Aspen Times: Future of Aspen Mountain’s Lift 1A spins into next phase of study

Aspen Times: Future of Aspen Mountain’s Lift 1A spins into next phase of study

Aspen City Council agreed Tuesday to continue its pursuit of moving the 1A chairlift, located at the base of Aspen Mountain's west side, as close to town as possible.

That now comes in the form of drilling down two scenarios that were presented by the consulting firm, SE Group. Last October, SE presented to council nine options for replacing lift 1A. Two have been selected, with modifications.

A more detailed study by SE will consider the merits of the first option, which would extend the lift south of Gilbert Street. The second lift scenario brings it down farther, extending it south of Dean Street and just uphill from the historic Lift One terminal.

But council also added two of its own options — a possible mid-loading station where the current 1A chairlift is located, along with the Dean Street scenario. First suggested by Councilman Ward Hauenstein last fall, a mid station would allow for repeat skiing on that side of the mountain. However, Aspen Skiing Co.'s position is that the area is too narrow to accommodate a loading station and still provide an adequate guest and skiing experience.

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Aspen Daily News: Paved paradise and took out a parking lot

Aspen Daily News: Paved paradise and took out a parking lot

Paved paradise and took out a parking lot

By Lorenzo Semple, Nov 24, 2017

We all saw it coming. There were diagrams, multiple points of view, planners, consultants and even community open houses. But when you witness something in person for the first time that’s been talked about incessantly for the past 10 years, that’s when the cold, stark reality hits. Now all the parking on the street leading up to Lift 1A is gone. The immediate effect this year will be a deserted 1A, more congestion on Durant Avenue and a bigger skier-parking crunch around the base of Aspen Mountain.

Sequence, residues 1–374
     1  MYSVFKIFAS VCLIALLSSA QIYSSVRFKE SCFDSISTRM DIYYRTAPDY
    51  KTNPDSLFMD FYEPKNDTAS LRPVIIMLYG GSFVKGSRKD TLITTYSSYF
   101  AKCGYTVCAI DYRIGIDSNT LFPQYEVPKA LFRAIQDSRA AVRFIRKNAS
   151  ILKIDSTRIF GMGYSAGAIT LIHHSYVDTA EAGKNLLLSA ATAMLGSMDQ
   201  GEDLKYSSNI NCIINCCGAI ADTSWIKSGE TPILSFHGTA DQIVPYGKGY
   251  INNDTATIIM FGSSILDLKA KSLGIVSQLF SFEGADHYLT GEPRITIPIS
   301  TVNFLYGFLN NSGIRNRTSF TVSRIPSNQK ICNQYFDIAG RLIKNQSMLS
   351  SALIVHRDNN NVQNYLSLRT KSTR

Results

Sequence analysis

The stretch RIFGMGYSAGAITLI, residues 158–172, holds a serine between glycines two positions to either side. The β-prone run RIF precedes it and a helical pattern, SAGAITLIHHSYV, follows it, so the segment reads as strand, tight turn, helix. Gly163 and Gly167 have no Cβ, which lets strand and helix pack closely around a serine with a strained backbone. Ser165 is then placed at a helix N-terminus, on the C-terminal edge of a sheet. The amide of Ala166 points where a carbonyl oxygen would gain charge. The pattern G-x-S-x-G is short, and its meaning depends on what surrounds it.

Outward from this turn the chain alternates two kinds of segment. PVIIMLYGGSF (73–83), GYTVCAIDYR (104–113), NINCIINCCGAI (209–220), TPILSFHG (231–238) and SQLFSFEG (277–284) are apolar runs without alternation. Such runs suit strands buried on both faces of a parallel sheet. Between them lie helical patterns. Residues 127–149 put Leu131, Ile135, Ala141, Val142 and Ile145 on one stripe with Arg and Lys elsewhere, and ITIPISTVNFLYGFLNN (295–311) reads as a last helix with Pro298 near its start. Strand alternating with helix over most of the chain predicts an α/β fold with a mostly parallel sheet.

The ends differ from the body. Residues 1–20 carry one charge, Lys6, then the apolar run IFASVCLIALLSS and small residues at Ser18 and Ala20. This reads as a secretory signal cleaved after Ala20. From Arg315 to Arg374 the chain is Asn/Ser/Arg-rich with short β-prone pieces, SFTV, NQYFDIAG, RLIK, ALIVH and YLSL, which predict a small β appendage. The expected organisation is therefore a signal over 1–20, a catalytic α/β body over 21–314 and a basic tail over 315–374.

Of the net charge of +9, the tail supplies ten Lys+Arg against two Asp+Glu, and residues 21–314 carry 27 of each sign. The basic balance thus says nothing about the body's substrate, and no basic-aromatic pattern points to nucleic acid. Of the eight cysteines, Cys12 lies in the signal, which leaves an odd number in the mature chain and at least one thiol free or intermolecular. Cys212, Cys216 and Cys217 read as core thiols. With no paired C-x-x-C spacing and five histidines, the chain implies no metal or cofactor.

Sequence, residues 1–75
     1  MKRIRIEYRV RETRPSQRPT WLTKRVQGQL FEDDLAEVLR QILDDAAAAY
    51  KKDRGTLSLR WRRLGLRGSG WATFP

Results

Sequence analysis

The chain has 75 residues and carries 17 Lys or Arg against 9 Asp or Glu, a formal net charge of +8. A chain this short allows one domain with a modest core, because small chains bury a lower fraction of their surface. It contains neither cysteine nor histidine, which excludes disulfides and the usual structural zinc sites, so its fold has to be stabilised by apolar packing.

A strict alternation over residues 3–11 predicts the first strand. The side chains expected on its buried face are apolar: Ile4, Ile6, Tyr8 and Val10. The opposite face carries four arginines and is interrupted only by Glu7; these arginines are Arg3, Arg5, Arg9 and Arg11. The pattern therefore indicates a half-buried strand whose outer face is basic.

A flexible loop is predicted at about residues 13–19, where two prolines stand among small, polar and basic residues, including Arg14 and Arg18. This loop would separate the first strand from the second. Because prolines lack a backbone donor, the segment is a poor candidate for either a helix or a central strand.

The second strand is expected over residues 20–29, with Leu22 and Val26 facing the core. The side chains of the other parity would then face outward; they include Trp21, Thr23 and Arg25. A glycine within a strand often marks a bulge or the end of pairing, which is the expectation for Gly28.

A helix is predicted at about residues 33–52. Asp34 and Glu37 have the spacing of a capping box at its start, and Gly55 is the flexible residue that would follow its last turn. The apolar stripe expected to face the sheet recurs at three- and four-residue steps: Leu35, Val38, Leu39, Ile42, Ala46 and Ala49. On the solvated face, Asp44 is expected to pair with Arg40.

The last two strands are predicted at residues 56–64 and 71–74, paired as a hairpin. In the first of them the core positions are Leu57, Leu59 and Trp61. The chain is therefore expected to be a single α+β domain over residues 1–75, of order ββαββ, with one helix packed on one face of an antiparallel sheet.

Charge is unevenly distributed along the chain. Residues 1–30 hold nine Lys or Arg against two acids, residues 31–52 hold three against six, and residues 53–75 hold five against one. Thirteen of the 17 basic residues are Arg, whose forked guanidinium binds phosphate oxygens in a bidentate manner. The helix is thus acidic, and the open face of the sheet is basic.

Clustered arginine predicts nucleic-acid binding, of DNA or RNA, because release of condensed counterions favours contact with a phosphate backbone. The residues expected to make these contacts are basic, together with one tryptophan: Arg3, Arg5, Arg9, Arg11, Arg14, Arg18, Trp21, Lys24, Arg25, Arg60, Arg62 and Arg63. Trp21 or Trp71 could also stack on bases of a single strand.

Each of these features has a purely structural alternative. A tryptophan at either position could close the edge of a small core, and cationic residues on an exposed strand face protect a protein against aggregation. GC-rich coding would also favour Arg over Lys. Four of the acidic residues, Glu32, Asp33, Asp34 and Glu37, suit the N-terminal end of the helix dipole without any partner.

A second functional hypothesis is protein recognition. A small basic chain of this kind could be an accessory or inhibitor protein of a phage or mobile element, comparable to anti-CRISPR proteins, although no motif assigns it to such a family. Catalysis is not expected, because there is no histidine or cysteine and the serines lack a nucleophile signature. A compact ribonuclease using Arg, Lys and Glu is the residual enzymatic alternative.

A lot of people are in for a big “WTF?!” gut punch when they first see it. Gone are the days of driving up Aspen Street, parking in the precariously angled slots and walking up to old, reliable 1A. It’s part of a disturbing trend that been happening for quite some time. We are hemorrhaging free two-hour parking spaces in town and around Ajax at an alarming rate.

OK, to be fair, not all the parking on the 1A hill of Aspen Street is gone. There are still four spaces barely clinging to life at the very bottom —two on the left, two on the right. Still, it’s a devastating loss of over 50 coveted two-hour parking spots. To add insult to injury, what looks to be a shuttle pullout (the bowl-cat of Ajax) to take people unwilling/incapable of walking up a plainly inhospitable Aspen Street has absolutely devastated the Dean Street two-hour parking lot, cutting off at least half of it’s previous capacity.

Between Aspen Street and Dean Street, that’s 70 spaces up in smoke. The effect this will have is pushing all of that parking into the residential areas around the base of 1A. If you live over there, get psyched for that!

The latest parking grab is perhaps the most painful for those who frequented 1A, and it’s important to use the past tense here because at times there will now be nowhere to park. It’s hard to imagine skiers parking over by the Koch Lumber Park and walking all the way up to 1A, but that’s going to have to be the new trend.

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Aspen Times: Gorsuch Haus developers keep project in front of public

Aspen Times: Gorsuch Haus developers keep project in front of public

Gorsuch Haus developers keep project in front of public

Rick Carroll, June 6, 2017

The St. Mortiz Lodge is home to signs speaking out against the Gorsuch Haus' proposed lift location on Aspen Mountain.

While the City Council runoff is set Tuesday, June 6, another campaign is being waged about the future of the Lift 1A side of Aspen Mountain.

The Gorsuch Haus proposal, as it stands, won't go before Aspen's electorate, with its fate likely up to the City Council. Still, Gorsuch Haus organizers are seeking an opinion from Aspen's court of public opinion through a mass mailing they sent out late last month. More than 2,700 fliers were mailed to registered voters who live in Aspen to gauge their level of support for the project.

"We realize that not everyone watches the City Council meetings (on GrassRoots Community Television) and don't read the papers, and we want to get out in front of it and let people have the opportunity to show us support, or not show support," said project spokesman Allyn Harvey.

The flier asks residents to respond with the options that they are satisfied with the current design, are undecided, or cannot support the Gorsuch Haus under any conditions.